Last Sunday night the 17-day-old moon occulted, or passed in front of the bright star Alpha Tauri or Aldebaran. This star is an orange giant star 65 light years away and un-related to the Hyades star cluster that's twice as far away from Earth. It marks the bull's angry eye as it charged Orion, who stands ready with his club and skin. The disappearance occurred behind the moon's bright limb and because I was a little too far west it happened when the moon was too low to see above the tree line. An hour later Aldebaran re-appeared from behind the dark limb, which I missed but soon after that I began watching the moon move away from it for a few minutes.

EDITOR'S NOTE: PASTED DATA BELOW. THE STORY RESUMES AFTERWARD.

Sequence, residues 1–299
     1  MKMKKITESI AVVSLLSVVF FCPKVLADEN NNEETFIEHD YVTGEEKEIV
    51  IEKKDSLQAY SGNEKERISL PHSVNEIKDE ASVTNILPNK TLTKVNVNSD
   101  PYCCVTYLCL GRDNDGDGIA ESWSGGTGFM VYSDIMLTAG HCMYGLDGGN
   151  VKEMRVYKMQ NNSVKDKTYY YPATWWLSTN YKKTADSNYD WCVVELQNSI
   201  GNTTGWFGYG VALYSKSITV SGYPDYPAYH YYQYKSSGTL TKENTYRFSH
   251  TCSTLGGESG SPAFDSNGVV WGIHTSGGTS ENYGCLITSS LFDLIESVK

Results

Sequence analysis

Then it was time to replace the star diagonal and eyepiece with the camera. Once all was ready, I shuttered exposures for the moon alone from 1/250th to 1/60th of a second, then I took some exposures one full second long to record the star. Both images were taken at the 8-inch EdgeHD SCT's prime focus.
After getting the developed film back from the lab, I scanned one negative that shows the moon alone, another that shows the star, then combined the two in Adobe Photoshop.